This was a cover that I used for my second level Niei Chi
Saturday marked a real milestone in my life. It has been five years since I stopped smoking. It also marks 5 years since I graded for my first black belt.
I was never a very heavy smoker. A pack a day was a challenge. I averaged 7 or 8 a day and smoked ultra light menthols. I’d tried quitting before and it usually lasted about 6-8 weeks before I’d go back to it. I even had major surgery to remove my spleen and thought I could beat it. I tried acupuncture but because I could go for 6-8 weeks on my own, they said it wouldn’t do much good.
Taken one day after class on the East Beach in Toronto
In our organization, all black belts must sign their name stating that they are smoke free. I’d been promising myself each belt level that I was going to quit. But as I went through them, I kept smoking.
Grading for your black belt is a great honour and I regarded it as such, including the oath I took. The day I graded for my black belt is the day I smoked my last cigarette. A month later when I was awarded my first black belt, I smoke half a cigar in celebration and haven’t smoked since.
Since then, I’ve been to Hong Kong for 5 months, where everyone smokes like chimneys. I could have cheated but something a friend of mine kept me in line. Whenever I thought “Maybe just one; no one will know.” His voice would answer: “But you will.”
I finished university, go the rest of my shodans, went onto my nidans and about to start my sandans in the fall.
I’ve always said there is nothing that I would put on my body that I could honestly keep for the rest of my life. Having seen how some people frivolously put tattoos on their body, such as a boy/girlfriend’s name, even husband or wife, and then within a few years it’s over. To me, nothing is forever.
But, this is a hypothetical discussion, so here it is. The one thing that I could possibly think of that I would be willing to put on my body is the symbol for peace in Japanese calligraphy, “Heiwa”. For those who don’t know, the Hindi name, Shanti means “peace”. The derivation of that, Shanta, means “peaceful”. It sounds a little self-serving/selfish, but the only thing that I could honestly rely on and know through and through, is me. There are people for whom I would lay my life on the line, but those people have changed. One can never know what events might change who they are and what might cause the change. Why Japanese? Simple: I’ve always loved the Orient and I am a student of martial arts.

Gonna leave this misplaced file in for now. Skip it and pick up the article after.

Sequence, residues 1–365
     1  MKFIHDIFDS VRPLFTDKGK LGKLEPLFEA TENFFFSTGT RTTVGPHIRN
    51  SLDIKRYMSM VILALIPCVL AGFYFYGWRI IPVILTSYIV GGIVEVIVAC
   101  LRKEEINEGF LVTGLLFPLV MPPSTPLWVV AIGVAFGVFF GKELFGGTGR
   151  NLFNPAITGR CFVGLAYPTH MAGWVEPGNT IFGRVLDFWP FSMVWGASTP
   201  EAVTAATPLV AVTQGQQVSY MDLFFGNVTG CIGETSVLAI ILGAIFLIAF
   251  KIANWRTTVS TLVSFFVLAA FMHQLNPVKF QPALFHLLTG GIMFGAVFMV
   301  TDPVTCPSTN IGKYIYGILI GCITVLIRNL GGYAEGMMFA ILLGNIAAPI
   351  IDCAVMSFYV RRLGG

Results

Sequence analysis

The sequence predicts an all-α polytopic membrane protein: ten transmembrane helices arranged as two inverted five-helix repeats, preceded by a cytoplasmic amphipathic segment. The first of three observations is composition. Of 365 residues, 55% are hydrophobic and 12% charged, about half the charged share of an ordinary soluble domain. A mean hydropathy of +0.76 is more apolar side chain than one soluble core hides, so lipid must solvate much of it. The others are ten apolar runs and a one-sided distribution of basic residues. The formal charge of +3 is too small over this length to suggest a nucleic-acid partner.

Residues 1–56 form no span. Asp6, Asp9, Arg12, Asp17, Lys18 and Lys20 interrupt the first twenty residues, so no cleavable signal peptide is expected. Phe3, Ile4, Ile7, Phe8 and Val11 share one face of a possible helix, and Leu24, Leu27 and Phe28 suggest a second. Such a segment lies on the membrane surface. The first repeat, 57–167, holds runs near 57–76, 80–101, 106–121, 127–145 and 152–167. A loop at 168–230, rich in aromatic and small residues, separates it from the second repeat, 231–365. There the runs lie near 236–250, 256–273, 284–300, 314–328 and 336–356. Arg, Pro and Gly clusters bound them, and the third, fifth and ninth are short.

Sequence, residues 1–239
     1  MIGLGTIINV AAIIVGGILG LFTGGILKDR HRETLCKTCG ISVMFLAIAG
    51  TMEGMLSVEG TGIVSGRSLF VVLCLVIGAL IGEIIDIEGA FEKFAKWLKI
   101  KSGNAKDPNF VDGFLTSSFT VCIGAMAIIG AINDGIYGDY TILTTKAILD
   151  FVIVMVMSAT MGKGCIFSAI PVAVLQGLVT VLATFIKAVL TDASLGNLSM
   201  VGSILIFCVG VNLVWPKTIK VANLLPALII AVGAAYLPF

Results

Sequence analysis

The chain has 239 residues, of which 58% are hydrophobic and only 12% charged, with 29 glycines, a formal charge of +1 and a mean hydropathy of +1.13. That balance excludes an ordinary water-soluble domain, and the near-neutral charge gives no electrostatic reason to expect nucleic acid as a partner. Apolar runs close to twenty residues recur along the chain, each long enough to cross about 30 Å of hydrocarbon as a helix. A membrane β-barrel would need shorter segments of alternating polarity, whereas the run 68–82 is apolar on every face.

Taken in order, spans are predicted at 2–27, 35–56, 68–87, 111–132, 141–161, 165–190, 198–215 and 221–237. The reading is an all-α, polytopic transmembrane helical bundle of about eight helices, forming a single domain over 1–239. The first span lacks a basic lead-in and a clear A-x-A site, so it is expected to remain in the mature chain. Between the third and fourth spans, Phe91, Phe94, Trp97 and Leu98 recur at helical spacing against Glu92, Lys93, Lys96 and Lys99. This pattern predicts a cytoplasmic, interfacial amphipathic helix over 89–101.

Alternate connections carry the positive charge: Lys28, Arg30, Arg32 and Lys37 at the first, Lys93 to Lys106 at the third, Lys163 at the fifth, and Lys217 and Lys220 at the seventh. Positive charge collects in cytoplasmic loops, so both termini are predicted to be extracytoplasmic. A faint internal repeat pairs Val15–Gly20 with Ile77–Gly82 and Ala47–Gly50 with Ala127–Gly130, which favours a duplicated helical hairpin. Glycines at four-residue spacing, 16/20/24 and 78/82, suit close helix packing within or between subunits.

In addition, the bigger picture is that I believe that we come from our roots. This is a great symbol of my grandmother, whom I wrote about in a previous post. I know that I can be combative at times, but I usually get riled up when I believe that there is some injustice. Ultimately, I want peace. I might sound much like a beauty pageant contestant, but it’s true. I believe that in order to survive, we all need to get along. As my friend Dan Levy (@TheDanLevy) said: “/rant”
Unlike some who might think that it would be a lonely existence, (such as “Highlander” or “Doctor Who”) I believe that it would be a wonderful opportunity. Many times, we say we didn’t have enough time to do things like have a successful career, own a home or to travel the world. You’d have all the time in the world.
What would I do?
I’d travel. One country at a time. I might work for a bit at the tail end of the visit, enough to get to the next country and travel around for a while. I’d learn a few languages…to start. I’d improve my French, then master Japanese. Probably start my travels there. I’d continue my martial arts training, and learn some new ones. I’d also keep learning, maybe a few more degrees. Maybe one in literature next. If I lived forever, I’m sure I’d master history!
Oddly enough, I don’t think I’d want to be famous. Just let me do my thing, watch the world unfold as it will. Maybe advise leaders now and then, but only if asked. Imagine the discussions you could have, the things you could witness and the hearts and minds you could help shape.
A few weeks ago, we experienced a level 1 typhoon. There was a beautiful wind going and it was the first time I didn’t have to use the air conditioning in my room. Erin, Daniel and I go outside so Erin could get some air. It is now raining in full force and the wind is going very strong. We go down to the ground level and play in the wind and rain. How refreshing and energizing it was! Of course, at 2 am, there aren’t many people around to witness this act of insanity (the security guards gave us some funny looks). I start up a kata, Sanchin. Even though my breathing was quite loud, I could barely hear myself over the noise of the storm. The wind blows my wet hair into may face like a whip. Within a minute, we are all thoroughly soaked. I say this would be a great time for tai chi and my two friends agree.
We go to the second floor courtyard of the residence and go through iron thread, 18 postures of awareness and the basic set. At one point, a security guard comes out and tells us it is dangerous to be outside in this weather because of potential falling objects. We promise to return inside shortly after we finish another set. What a rush! My compatriots agree. This was Erin’s first time doing tai chi and Daniel’s second. I practically had to yell to give them instruction and I was less than 5 feet away from them.
This is not the first time that I’ve done the arts in crazy weather. I am reminded of Hawaii when I did weapons katas on the shore of the ocean while a rain storm raged on. This was much more than that. Calm within the storm. Hawaii was more of a fighting back. This was an exercise of internalization and taking the energy in and using it to power myself. Absorption instead of countering and fighting. Nothing like it on this planet.